Comedian Jay Mohr appears to have no issue keeping his career fresh. Whether it be through his widely popular podcast Mohr Stories or the fact that he's taken to writing new material with his wife, Nikki Cox, it seems that 29 years of doing the same thing hasn't put an end to his enjoyment of the stage.
With his latest album, Happy. And A Lot¸ Mohr chose to do something a little different to keep it exciting: he had his wife write all of the material. And as it seems, just like he predicted, the material was spot on.
Or, as he tells us, it was "Carlin-esque."
Mohr recently spoke with MStars News about the new album, how his onstage self has grown over the years and why comedy is incredibly unfair to newcomers.
MStars News: You've been performing stand-up since the age of 16. How would you say the onstage version of you today differs from the version back then?
Jay Mohr: You have no idea what you're doing when you start. Now, I'm definitely very relaxed on stage. There's no haste and I really like the pauses. When you're first starting out, the pauses terrify you.
Starting out in stand-up is a lot like walking into the woods. Walking into the woods is scary but what's scarier is getting out. With stand-up, when you're on stage you want to get out quickly and not go too far in. But the more you do it the deeper you go, and that becomes the joy – figuring out how to get out.
MS: Is there anymore fear?
JM: I'm comatose. I could take a nap before I go onstage. I think my brain and my body innately preserve what could be good. If I go on relaxed, I can enjoy the pauses and tell stories and have the callbacks come to me.
It's very uncharacteristic of me to be afraid before stand-up. Of course, when I go on auditions I'm terrified because it's the strangest [setting] in the world.
MS: Your wife Nikki Cox wrote everything on the new album, correct?
JM: Yeah! She started writing with me, and for me, when I was doing my book, No Wonder My Parents Drank. I woke up on an airplane and she wrote the first chapter. It was so tender and so kind and a great way to ease into the book and almost shock the reader because of how gentle it was. They wouldn't expect it from me, and it was exactly how I felt.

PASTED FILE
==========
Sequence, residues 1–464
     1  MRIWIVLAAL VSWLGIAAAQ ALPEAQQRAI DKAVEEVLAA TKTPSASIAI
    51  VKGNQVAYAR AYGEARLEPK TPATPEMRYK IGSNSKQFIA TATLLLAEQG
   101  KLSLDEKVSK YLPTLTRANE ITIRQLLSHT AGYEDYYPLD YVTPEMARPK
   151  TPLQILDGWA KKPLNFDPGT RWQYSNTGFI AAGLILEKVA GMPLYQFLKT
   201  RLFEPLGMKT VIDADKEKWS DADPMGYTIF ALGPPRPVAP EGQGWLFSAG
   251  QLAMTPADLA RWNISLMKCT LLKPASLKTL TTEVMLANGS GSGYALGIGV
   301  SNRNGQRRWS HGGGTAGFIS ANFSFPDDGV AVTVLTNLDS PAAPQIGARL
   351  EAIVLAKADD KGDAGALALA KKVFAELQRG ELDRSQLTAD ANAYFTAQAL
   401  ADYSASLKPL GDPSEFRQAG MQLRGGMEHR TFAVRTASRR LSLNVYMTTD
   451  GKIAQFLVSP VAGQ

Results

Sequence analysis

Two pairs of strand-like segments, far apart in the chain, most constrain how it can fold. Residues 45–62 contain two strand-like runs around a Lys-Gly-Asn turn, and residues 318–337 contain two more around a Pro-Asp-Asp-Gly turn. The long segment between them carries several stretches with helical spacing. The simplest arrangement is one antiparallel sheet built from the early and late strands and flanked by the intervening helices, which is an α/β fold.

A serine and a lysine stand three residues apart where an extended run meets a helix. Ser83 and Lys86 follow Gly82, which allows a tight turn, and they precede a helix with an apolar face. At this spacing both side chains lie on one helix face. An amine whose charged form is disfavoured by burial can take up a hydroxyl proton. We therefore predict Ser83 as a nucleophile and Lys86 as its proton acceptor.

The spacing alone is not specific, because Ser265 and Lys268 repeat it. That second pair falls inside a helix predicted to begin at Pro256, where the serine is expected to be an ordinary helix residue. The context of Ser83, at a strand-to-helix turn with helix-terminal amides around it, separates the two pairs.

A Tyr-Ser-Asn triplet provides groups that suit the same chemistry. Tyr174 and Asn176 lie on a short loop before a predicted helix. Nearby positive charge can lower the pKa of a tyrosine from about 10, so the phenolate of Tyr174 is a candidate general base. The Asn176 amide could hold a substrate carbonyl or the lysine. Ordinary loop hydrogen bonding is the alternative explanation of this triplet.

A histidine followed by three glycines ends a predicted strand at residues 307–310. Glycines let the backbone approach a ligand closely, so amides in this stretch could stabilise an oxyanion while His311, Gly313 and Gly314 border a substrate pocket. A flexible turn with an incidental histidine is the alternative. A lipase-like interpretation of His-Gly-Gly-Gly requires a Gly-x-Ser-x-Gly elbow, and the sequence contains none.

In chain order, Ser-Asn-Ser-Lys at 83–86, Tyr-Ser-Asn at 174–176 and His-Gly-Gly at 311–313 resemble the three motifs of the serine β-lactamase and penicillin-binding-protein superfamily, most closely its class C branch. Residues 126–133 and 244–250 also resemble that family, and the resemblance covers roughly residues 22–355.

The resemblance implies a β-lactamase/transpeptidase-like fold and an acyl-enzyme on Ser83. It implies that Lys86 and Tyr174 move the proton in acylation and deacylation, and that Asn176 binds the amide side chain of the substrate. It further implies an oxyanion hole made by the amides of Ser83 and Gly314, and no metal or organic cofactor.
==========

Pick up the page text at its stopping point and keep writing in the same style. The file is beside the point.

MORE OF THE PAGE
MS: How much input did you have with this album?
JM: At home, zero. I'll go onstage and do it the way it's written and then flip flop some things but, at the end of the day, it winds up being what she wrote. But even if I do add something, I never would have been in that neighborhood had she not written it.
MS: Someone like you, who has attained a certain level of fame and notoriety in comedy, how do you work out material?
JM: I don't really work out material ever. If I think of it, or if it excites me, I just know I have to get on stage and do it. After 29 years, if you don't know whether it's going to work then something's off.
MS: With that thought, does going on stage as a known name make it easier or tougher?
JM: It's incredibly easier, exponentially easier! You are the reason they have assembled in the first place. When you're doing comedy, maybe headlining, you're just a "guy." You go on stage, have to do 45 minutes contractually and hope everything goes well. When you have a certain level of recognition, you're the reason they came. It's like tilting the pool table towards the pocket. It's incredible unfair how comedy is set up.
When you first start, it's the absolute worst-case scenario; no one is there to see you and you're not good at all. It's terrifying. It's an open mic night at a laundromat, you know? Then, when you get famous, you play a theater and it becomes an event for people. They can't wait to see you talk. It's very strange.
MS: So how do you keep it exciting?
JM: With new material. Even if I'm doing a story that I've told before, the fun thing for me is every show I do, there's about 11 minutes of the hour and a half where I have no idea what the hell is happening.
I also like to get paid; I'm not going to be a liar. I read so many interviews with comics talking about the passion for the spoken word and this artform. You know what- you've got a mortgage. Why don't you tell the truth?
Plus, it's fun. You only work an hour! I say that on stage. I say, "You guys have jobs you don't even like. I'm at work now!" I'm out in an hour and ten minutes.
MS: You talk about your kids on the album. How did having kids change your comedy?
JM: Suddenly there's this new universe that you didn't know existed – and that is a life and all the stories that happen to you from that moment on. There's a lot of fastballs that come down the middle with having a child. I used to say we just had a baby and I think we're going to name it "20 minutes of new material."
MS: The proceeds for this album go to WriteGirl LA. Why there?
JM: We definitely wanted to not receive money for an album. It seemed odd when you're in a position where you can get a lot of people and drive Internet traffic to different places so we decided that Write Girl Los Angeles was a great place for the money to go because: my wife wrote the album, I'm a feminist, we all come from a woman, everybody knows a woman, there's a lot of gals out there that could use a little nudge and a little help in their creative writing.
Since my wife is the most brilliant creative writer I've ever met in my life I thought, with my wife, why not invest all of this back into helping young women write and get them more opportunities to do so?